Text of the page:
The Bottom Line
The Bottom Line is where Klatzkin’s advisors provide analysis and insight into key developments in taxation, accounting, and other issues and how they affect businesses and individual taxpayers.

Gift Tax Basics

By JAMES EMMA

Sharing your wealth with family, friends, and loved ones may be easier said than done.
The IRS prevents the tax-free transfer of wealth both before and after death. The estate tax applies when you transfer wealth after death, and the gift tax applies when you transfer wealth during your lifetime. Although their rules are a bit different, the two taxes go hand in hand, which is something to be discussed later. But first, let’s go over the basics of gift taxes and discuss how the gift tax laws will impact you now and into the future.

Gift Tax Basics

The gift tax rules apply when you transfer anything of wealth – money, property, business interests, etc. – to somebody other than your spouse. However, this doesn’t mean that all gifts are taxable. Transfers that are always exempt from gift tax include:
• Charitable contributions;
• Certain political contributions;
• Direct payment of another person’s tuition or medical bills; and
• Annual gifts to individuals valued at $15,000 or less.

The last bullet point is critical. Each year, the IRS allows you to transfer up to $15,000 to any individual without using any of your lifetime exemption, as discussed below, before incurring a tax liability. This annual exclusion applies to each donee. That means that you can gift $15,000 to each of your five grandchildren every single year. This annual exclusion is regularly updated for inflation, but for tax years 2018 and 2019, it remains at $15,000.

When your annual gifts exceed $15,000, you must begin filing gift tax returns. Fortunately, your gifts will continue to be tax-free for some time. In addition to the annual exclusion of $15,000 per recipient, the IRS provides each taxpayer with a lifetime exemption. For 2019, the lifetime exemption is $11.4 million. Gifts above the $15,000 yearly exemption will eat into your lifetime exemption, and you will only be subject to tax when that exemption is depleted. Very few taxpayers will use the full exemption in their lifetime. Most only deplete the lifetime exemption after death, which is when the estate tax rules come into play.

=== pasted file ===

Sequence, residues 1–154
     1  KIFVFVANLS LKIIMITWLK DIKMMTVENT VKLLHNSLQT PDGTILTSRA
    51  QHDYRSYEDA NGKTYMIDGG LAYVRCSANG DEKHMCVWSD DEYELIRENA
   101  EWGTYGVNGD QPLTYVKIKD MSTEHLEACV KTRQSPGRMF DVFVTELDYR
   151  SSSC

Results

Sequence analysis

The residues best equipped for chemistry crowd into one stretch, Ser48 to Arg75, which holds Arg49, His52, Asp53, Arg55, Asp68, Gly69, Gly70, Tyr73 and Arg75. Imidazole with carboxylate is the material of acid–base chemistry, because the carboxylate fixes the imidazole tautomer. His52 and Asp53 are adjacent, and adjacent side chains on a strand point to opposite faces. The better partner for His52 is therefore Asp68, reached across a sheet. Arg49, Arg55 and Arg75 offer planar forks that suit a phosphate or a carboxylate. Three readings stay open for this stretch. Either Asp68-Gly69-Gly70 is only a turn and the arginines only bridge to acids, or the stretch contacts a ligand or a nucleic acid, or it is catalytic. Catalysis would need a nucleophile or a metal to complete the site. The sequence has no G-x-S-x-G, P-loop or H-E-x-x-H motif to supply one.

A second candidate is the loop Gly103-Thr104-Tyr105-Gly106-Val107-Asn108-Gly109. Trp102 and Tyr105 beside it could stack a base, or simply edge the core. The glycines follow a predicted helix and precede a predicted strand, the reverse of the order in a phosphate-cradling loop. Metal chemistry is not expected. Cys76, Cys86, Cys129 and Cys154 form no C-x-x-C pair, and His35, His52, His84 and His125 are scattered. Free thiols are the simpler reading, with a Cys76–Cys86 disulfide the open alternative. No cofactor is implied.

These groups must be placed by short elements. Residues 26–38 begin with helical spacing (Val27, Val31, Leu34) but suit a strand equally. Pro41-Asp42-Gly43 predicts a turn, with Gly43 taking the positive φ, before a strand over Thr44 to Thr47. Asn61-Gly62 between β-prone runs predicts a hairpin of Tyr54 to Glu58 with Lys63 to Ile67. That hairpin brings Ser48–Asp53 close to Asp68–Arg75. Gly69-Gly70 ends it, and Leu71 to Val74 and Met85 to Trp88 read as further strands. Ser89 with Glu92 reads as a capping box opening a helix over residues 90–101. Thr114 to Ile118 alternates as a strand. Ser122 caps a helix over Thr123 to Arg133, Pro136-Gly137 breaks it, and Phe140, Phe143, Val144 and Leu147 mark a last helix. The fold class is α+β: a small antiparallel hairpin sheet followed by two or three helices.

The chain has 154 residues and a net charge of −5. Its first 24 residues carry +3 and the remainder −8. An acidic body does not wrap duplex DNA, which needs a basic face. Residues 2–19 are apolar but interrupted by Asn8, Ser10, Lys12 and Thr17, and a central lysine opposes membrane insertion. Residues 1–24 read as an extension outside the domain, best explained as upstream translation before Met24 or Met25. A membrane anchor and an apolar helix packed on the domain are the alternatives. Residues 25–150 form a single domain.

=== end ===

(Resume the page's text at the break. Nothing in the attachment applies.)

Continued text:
The gift tax shares the same tax table as the estate tax. The maximum marginal tax rate for gift and estate taxes is 40%.

Frequently Asked Questions

There are a few more details that would be helpful to understand about gift tax law.

  • Should my recipient report their gift as income?
    No. As the giver, you will report the gift.
  • Are gifts deductible? No. Making gifts will not affect your or your recipient’s income tax return.
  • What is “gift splitting” and when should I use it? Gift splitting is when married couples split the value of a gift so that they can give more than $15,000 to an individual in a single year. Their annual exclusions can be combined. In other words, a spousal unit can gift up to $30,000 to a single recipient without incurring a tax liability. If you choose to split gifts with your spouse, you will be required to file a gift tax return so that you can make the gift splitting election.
  • If I donate to a charity, does that donation count toward my lifetime exemption? No. Charitable contributions, certain political contributions, and paying educational and medical bills will not reduce your lifetime exemption.
  • How do I know the value of a non-cash gift? If you donate something other than cash – such as artwork, business interests, or property – you will record your gift at “fair market value.” Fair market value is the value at which the property would change hands between a willing buyer and seller. To determine the fair market value of your gift, you may need to get it appraised.
  • If I keep my gifts under the $15,000 annual exclusion, do I need to file a gift tax return?
    Certain circumstances would require you to file a return even if your gifts do not exceed $15,000. If you split gifts with your spouse or if you gift future interests, you will need to file. Make sure that you keep any filed gift tax returns with your important papers as you will need them to keep track of your remaining lifetime exemption.
  • My spouse is not a U.S. citizen. Can I gift them money? Yes, you can, but there is a separate annual exclusion for nonresident spouses. For 2019, this exclusion is $152,000.

James Emma is a Supervisor at Klatzkin and a member of the Estate Administration team.

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